65. The first band I ever liked that wasn't at least somewhat geared toward kids was Queen. I heard "Under Pressure" on a mix tape made by one of my stepbrothers, and made my mom go out and buy me a tape with that song on it immediately. I still like them.
66. I started liking non-Queen adult music in 1995, the summer after 8th grade. It's mostly flyinbutrs's fault. We spent basically the entire summer on the phone with each other watching VH1.
67. For the past 8 years or so, I've had the same list of bands I'd give out when people asked my favorites, though the order's changed: They Might Be Giants, Live, Pearl Jam, Pink Floyd, Queen, and Billy Joel. Though I've definitely added The Decemberists to the list, and I think it might be time to remove Billy.
68. Really, though, the true list is a lot different now. I don't listen to harder rock nearly as much, preferring adult alternative and folk music. But I wouldn't be able to live without a couple albums from those bands.
69. The best bands I've ever seen live are They Might Be Giants, Reel Big Fish, Pearl Jam, and Eileen Ivers. They all really engage with the audience. I saw the first two in the same concert once, and I still haven't forgotten how amazing it was.
70. The first concert I ever went to was for Trout Fishing In America. The first concert I ever went to not geared for kids was TMBG in 1998. For some reason I didn't count that one for awhile, and the first non-TMBG concert not geared toward kids I went to was Pearl Jam later that year. The furthest I ever traveled just for a concert was to Long Island, 136 miles as the Googlemaps flies. I saw TMBG with Kelsey and then stayed over her house afterwards.
71. I used to wear a blue hooded sweatshirt and grey sweatpants every day that it was weather-appropriate. I think the particular color combination started around 9th grade, though I liked the sweat-style before that. It lasted for all of high school and most of college, at which point I started experimenting with colors (such as grey fleece tops and blue sweatpants). It's only in the past year or so that I wear non-sweatpants more often than sweatpants on days when I don't have to work and don't have to go to synagogue and it's too cold for shorts.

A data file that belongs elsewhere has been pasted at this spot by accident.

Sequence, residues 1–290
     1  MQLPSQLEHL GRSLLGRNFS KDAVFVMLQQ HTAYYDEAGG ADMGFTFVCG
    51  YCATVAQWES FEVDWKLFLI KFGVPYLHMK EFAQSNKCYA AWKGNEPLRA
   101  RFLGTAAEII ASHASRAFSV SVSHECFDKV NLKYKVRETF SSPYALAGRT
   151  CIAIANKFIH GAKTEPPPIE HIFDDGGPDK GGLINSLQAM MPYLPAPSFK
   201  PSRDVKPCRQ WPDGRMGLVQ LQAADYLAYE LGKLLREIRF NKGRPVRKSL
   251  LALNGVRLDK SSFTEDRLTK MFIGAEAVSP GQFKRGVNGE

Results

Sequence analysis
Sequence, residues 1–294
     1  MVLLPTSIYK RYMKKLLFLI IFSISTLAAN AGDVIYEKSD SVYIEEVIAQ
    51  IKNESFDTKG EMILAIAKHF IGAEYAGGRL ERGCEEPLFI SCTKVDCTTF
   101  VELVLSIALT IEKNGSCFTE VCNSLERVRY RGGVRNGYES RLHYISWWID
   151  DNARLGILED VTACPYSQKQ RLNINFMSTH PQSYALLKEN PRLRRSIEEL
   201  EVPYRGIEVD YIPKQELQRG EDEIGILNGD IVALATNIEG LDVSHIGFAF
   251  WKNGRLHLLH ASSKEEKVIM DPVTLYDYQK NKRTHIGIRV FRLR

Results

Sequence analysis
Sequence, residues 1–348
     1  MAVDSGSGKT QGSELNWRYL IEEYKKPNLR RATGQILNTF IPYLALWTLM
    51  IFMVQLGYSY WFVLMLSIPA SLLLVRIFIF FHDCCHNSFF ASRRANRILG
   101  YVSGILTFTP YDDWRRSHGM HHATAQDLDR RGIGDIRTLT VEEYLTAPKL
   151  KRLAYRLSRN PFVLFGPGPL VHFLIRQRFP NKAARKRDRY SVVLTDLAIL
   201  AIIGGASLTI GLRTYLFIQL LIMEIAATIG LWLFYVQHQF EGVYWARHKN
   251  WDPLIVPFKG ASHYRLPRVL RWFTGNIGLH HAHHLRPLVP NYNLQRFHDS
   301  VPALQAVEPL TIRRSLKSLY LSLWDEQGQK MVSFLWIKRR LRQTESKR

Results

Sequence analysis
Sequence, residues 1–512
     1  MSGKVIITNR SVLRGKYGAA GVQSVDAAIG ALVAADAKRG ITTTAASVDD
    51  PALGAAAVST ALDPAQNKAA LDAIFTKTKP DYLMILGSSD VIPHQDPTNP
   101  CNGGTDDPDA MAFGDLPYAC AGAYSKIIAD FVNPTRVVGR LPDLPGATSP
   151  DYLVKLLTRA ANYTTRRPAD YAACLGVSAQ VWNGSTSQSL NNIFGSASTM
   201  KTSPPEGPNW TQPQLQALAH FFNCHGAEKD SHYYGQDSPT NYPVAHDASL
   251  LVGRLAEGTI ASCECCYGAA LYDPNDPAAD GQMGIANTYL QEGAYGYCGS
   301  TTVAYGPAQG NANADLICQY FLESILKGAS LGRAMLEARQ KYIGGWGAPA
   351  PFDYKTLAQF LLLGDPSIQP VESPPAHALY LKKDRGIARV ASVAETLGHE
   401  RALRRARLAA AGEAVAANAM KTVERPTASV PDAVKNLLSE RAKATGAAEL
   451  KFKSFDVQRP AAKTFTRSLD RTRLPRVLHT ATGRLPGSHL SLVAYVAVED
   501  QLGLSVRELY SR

72. I'm currently wearing a grey hooded sweatshirt at work. Yesterday to work I wore a blueish-grey fleece top. The pants are a bit different than my old attire, though.
73. I still refuse to wear jeans. The last time I wore them was in 2001, for Halloween. And it was at least 2 years before that since I wore them for a normal occasion, even once.
74. I'm not usually superstitious per se, but I do silly things out of habit that seem superstitious. For example, I used to always have a 1992 penny and a 1994 penny in the right pocket of my winter coat. It wasn't a particular pair of pennies, but they had to be those years. (And often it was a particular pair, and it was neat that the copper rubbed off over time.) But if they were gone, I didn't really care too much, nor was I afraid of bad luck or something; I'd just replace them when I got a chance. And I don't know how it started; probably just some spare change I left there by mistake. I don't do it anymore, though maybe I should now that I've remembered it.
75. I wore a cap nearly every day from the start of 5th grade until the start of 12th grade. The particular choice of caps varied, but it was usually a Philly sports team, the Marlins, or the Nittany Lions.
76. I go shopping at the King of Prussia mall every year on the day after Thanksgiving. I haven't yet figured out how I'm doing that this year, as I have to work that day.
77. I've gone to, and camped at, the Philadelphia Folk Fest every August since 2000, though I had to leave around when the music kicked off in 2003 when my grandfather died. I have to miss most or all of it next summer, though, because...
78. I've gone to the National Havurah Committee's Summer Institute every August since 2002, though I'm sad this year because it takes place the same week as Folk Fest. That's the only thing about it that makes me sad, though.